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Recycled water explained

Recycled water is wastewater that has been collected and treated so that it can be used again for a variety of non-drinking purposes.

How is recycled water treated?

Wastewater produced in the area previously serviced by Western Water is transferred from customers' properties to one of seven recycled water plants and treated to a Class A, Class B or Class C standard. Depending on the process used, the treatment period can last anywhere from eight hours (mechanical treatment plant) up to approximately 100 days (lagoon based treatment plant).

Primary stage

The primary stage removes solids as water passes through a screen, preventing large objects such as bottles and plastic bags from entering the rest of the system. Water then passes into a tank where remaining solids sink to the bottom and are removed.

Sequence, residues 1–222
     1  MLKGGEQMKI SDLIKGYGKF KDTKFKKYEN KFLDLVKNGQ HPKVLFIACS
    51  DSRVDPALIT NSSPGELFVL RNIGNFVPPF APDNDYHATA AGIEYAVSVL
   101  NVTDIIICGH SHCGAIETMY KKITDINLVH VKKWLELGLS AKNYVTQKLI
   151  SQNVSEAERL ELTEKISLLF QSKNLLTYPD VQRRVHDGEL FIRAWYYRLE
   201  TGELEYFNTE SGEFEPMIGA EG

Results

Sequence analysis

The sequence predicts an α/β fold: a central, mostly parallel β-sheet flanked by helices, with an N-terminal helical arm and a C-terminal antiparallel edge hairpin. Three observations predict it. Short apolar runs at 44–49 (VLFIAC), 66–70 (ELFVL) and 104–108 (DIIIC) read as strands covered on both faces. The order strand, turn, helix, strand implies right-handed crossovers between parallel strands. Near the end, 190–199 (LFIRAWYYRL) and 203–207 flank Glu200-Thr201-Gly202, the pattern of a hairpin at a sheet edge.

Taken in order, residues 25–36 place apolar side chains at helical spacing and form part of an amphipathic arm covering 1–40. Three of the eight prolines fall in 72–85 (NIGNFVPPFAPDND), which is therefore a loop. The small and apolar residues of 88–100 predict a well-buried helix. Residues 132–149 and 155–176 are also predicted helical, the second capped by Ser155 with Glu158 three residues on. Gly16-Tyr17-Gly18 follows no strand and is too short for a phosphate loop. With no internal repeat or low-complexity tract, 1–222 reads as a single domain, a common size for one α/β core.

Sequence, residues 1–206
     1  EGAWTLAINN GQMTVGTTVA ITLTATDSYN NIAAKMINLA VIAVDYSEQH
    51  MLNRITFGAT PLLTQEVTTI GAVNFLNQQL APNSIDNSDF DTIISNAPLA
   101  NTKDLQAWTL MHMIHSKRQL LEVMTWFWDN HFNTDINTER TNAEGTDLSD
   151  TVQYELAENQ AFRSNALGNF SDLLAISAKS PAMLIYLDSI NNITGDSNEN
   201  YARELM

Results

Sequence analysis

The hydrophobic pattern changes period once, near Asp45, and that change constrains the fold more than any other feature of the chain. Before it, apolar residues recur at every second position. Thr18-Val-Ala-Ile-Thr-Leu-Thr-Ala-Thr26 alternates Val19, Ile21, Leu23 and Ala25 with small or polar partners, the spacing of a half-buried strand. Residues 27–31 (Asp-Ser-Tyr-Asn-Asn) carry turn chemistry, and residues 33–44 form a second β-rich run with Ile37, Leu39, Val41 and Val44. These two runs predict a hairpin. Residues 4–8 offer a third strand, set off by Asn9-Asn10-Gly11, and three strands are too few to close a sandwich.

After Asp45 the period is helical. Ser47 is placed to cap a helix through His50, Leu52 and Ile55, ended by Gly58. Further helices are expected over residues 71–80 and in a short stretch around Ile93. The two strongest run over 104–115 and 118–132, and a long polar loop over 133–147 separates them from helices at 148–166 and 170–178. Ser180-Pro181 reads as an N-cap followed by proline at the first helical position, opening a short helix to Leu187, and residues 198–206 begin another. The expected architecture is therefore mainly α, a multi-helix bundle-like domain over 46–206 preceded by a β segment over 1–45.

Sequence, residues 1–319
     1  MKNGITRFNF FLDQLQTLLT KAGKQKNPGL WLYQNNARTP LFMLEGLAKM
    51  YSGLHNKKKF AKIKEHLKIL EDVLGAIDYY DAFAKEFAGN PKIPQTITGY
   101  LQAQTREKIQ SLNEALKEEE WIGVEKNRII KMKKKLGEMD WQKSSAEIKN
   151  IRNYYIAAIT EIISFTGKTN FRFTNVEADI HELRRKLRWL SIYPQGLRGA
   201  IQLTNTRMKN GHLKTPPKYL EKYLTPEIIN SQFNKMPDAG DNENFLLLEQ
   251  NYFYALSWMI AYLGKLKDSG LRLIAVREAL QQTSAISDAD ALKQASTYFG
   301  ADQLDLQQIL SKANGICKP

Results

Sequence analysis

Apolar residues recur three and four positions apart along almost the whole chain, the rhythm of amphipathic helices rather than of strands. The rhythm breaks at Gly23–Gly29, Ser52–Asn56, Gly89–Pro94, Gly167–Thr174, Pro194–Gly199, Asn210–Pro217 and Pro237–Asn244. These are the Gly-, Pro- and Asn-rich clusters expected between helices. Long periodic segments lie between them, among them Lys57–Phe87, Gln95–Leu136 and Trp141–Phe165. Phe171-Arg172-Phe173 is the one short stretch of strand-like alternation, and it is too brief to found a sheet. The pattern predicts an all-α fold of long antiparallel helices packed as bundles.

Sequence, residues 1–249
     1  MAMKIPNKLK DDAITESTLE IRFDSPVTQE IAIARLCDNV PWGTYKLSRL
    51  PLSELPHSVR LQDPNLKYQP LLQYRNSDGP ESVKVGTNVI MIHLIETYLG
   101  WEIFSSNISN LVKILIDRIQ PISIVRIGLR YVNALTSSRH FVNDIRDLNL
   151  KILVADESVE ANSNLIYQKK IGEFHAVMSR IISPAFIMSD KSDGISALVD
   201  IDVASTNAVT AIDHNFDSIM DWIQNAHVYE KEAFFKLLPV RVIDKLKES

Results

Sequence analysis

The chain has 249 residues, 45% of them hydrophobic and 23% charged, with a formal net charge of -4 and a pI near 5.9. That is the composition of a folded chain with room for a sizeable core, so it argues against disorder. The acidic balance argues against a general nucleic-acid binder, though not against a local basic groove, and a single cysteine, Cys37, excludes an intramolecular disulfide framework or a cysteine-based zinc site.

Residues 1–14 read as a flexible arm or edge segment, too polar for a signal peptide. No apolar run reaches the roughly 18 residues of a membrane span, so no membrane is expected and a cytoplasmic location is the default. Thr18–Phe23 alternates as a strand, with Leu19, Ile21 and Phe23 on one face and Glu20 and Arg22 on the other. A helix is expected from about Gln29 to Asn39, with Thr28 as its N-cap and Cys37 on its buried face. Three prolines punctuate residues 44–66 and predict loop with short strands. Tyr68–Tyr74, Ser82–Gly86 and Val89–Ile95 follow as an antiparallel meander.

Secondary stage

In the secondary stage, liquid moves into large aeration tanks where oxygen is pumped in to encourage the growth of micro-organisms. These break down organic matter into simple materials such as water and carbon dioxide. A floating sludge separates from the water during this process and is sent to a sludge digester where it breaks down. This takes about 15 days. The remaining liquid from the secondary tanks is moved to stabilising tanks, where remaining solids settle to the bottom.

Tertiary stage

Phosphorous is removed during this stage. Phosphorous is a chemical which is often added to detergents. It is harmful to the environment.

Sewage is filtered one last time and remaining solids (biosolids) are removed. The remaining water is disinfected with chlorine. This purified water is then pumped into a shallow holding tank, where sunlight penetrates the water killing remaining bacteria.

Once this process is complete the water is recycled or discharged into the environment.